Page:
Target: Dell Inc.
Market Cap: $21.4 billion
Sponsors: TPG Capital, Silver Lake
Financial Adviser: JPMorgan Chase
The firms are now holding discussions on a deal with billionaire Michael Dell, the company’s founder and chief executive, who owns about 14 percent of the company, according to one source with knowledge of the matter. The Wall Street Journal cited unidentified sources as saying TPG Capital and Silver Lake could team up on an offer, possibly in conjunction with other investors such as pension funds. JPMorgan Chase & Co. was also involved in the negotiations, it added.
The first source told Reuters any potential deal could be structured as a management-led buyout with Michael Dell at the helm. Talks had progressed for two to three months, heating up in late 2012, and a deal could be reached in six weeks, the Journal cited sources as saying.
Dell, which has steadily ceded market share to Hewlett Packard and China’s Lenovo, declined to comment on what it called rumors and speculation. The company has lost 40 percent of its value since last year’s peak, and is trying to reinvent itself as a seller of higher-margin services to corporations—an internal overhaul that might be conducted more easily away from public scrutiny.
Some analysts say taking the company private, an idea that has surfaced sporadically in past years, makes sense. But others pointed to the sheer expense of such a deal, an outsized debt burden of some $4.5 billion and murky prospects as a major player in a PC market that is dwindling with the advent of tablets such as Apple Inc.’s iPad.
“The market value of Dell has come down so much that a buyout has become something that is plausible. They have about $5 billion in net cash and also free cash flow generation that could sustain payments on debt from a leveraged buyout,” said S&P Capital IQ analyst Angelo Zino. “However, we think it’s unlikely, given the sheer size of Dell and where the stock is currently trading at.”
A buyout of the company, which has a market capitalization of $21.4 billion, would be one of the largest deals since the global recession. Bloomberg News first reported that Dell and private equity firms were discussing a deal.
Before news of the deal emerged, Sanford Bernstein analyst Toni Sacconaghi speculated that Dell was worth $12 a share on a sum-of-parts basis, of which the PC business was worth about $4.70. In a report last week, the analyst said Dell conceivably could be split along its PC and enterprises segments, though such an approach would significantly reduce much-needed scale.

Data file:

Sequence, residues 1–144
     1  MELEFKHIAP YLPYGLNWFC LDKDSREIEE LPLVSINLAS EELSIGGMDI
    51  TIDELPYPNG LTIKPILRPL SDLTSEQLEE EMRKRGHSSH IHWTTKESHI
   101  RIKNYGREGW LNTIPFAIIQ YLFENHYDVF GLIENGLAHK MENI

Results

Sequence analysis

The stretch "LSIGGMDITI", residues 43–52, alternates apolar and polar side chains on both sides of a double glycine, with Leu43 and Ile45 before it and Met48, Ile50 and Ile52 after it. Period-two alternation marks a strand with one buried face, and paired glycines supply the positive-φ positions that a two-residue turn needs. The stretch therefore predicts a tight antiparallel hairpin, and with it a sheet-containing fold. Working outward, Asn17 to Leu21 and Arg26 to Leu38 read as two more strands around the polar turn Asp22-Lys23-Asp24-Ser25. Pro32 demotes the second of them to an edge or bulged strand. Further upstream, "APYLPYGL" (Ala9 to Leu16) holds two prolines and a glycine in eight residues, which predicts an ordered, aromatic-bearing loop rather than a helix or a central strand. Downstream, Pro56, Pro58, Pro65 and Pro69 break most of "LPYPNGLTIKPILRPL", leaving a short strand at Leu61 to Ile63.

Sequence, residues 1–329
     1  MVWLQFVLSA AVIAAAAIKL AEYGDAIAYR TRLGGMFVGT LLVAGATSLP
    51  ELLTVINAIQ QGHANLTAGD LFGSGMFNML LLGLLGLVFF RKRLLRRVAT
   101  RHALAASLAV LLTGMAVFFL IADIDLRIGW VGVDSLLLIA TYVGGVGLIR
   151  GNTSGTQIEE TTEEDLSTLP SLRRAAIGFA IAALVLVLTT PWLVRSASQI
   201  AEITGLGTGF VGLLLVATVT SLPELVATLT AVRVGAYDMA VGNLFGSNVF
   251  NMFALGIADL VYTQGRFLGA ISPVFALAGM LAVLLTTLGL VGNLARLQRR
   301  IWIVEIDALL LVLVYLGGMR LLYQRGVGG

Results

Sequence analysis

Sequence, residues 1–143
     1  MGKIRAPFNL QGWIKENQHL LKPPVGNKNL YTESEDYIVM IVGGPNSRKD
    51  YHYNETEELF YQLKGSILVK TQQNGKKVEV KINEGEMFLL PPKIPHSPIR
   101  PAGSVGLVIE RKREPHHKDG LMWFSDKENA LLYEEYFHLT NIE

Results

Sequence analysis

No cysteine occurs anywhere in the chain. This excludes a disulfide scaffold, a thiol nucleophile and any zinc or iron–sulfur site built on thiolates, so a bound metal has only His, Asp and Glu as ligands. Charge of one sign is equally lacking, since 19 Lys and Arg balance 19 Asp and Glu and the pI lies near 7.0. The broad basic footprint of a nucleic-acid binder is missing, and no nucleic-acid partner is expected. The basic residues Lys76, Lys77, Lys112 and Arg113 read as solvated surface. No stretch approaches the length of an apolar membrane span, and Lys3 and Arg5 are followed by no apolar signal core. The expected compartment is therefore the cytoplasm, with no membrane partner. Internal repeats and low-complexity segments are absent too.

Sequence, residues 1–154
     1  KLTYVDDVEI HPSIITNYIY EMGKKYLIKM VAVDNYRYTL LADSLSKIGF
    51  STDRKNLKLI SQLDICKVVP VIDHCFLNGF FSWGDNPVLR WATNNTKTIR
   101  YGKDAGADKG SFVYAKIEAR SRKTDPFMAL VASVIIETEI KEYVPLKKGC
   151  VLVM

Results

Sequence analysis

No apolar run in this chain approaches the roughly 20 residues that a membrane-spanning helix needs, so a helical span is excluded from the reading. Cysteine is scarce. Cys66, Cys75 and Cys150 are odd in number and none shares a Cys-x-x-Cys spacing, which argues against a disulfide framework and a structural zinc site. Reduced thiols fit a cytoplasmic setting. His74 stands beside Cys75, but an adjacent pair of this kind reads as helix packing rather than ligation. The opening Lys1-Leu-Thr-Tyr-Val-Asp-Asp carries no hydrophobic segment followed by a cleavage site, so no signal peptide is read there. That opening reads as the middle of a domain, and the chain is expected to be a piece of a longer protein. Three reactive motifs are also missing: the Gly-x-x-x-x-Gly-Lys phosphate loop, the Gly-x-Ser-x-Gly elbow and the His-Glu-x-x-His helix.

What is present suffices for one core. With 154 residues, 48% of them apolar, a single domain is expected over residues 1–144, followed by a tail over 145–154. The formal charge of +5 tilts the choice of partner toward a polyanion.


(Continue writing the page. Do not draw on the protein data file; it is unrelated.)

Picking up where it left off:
Shipments of computers by the company, now reinventing itself as a provider of computers and services to corporations and government agencies, plummeted 21 percent in the fourth quarter, according to industry researcher IDC. In the third quarter, its profit slid 47 percent. Overall sales of PCs over the holidays slid for the first time in more than five years, according to IDC. On Monday, another industry research firm, Gartner, estimated that Dell lost 2 percentage points of market share in the fourth quarter, slipping to 10.2 percent from 12.2 percent a year earlier.
Dell’s fortunes have waxed and waned. Since Michael Dell founded the company in 1984 out of his college dorm room with $1,000, the company has grown into a global PC powerhouse that pioneered just-in-time inventory management and online sales of custom-built computers.
But when Dell handed the reins of his company to long-time lieutenant Kevin Rollins in 2004, sales and customer service began to slip. With the board’s blessing, Michael Dell returned in January 2007 to turn his company around, only to run into the global recession and a shift by consumers toward powerful, mobile devices such as tablets.
At a Sanford Bernstein investors’ conference in 2010, Dell said he had considered taking the company private. He told investors at the time that a transformation of his company that he had hoped to effect upon his return was “incomplete.” Those comments triggered a round of speculation, but most analysts said buying out such a large company would be difficult because of the massive financing requirements.
Michael Dell now owns 244 million shares in the company, according to Thomson Reuters data, and last year was ranked the No. 22 richest American with a fortune of $14.6 billion.
The company’s traded bonds also came under pressure over fears of a significant hike in leverage. Its 4.625 percent, 2021 bonds were trading 80 basis points wider at 210 basis points over U.S. Treasuries, while its 2.3 percent, 2015s were about 30 basis points wider at 88 basis points over Treasuries.
“It can be difficult to realize the full value of various corporate assets … during transition periods, and executing on a long-term transformation as a private company could have advantages,” argued ISI analyst Brian Marshall.
Nadia Damouni and Poornima Gupta are correspondents for Reuters in New York and San Francisco, respectively. Additional reporting by John Balassi at IFR, Alistair Barr and Noel Randewich in San Francisco, and Jessica Toonkel and Soyoung Kim in New York.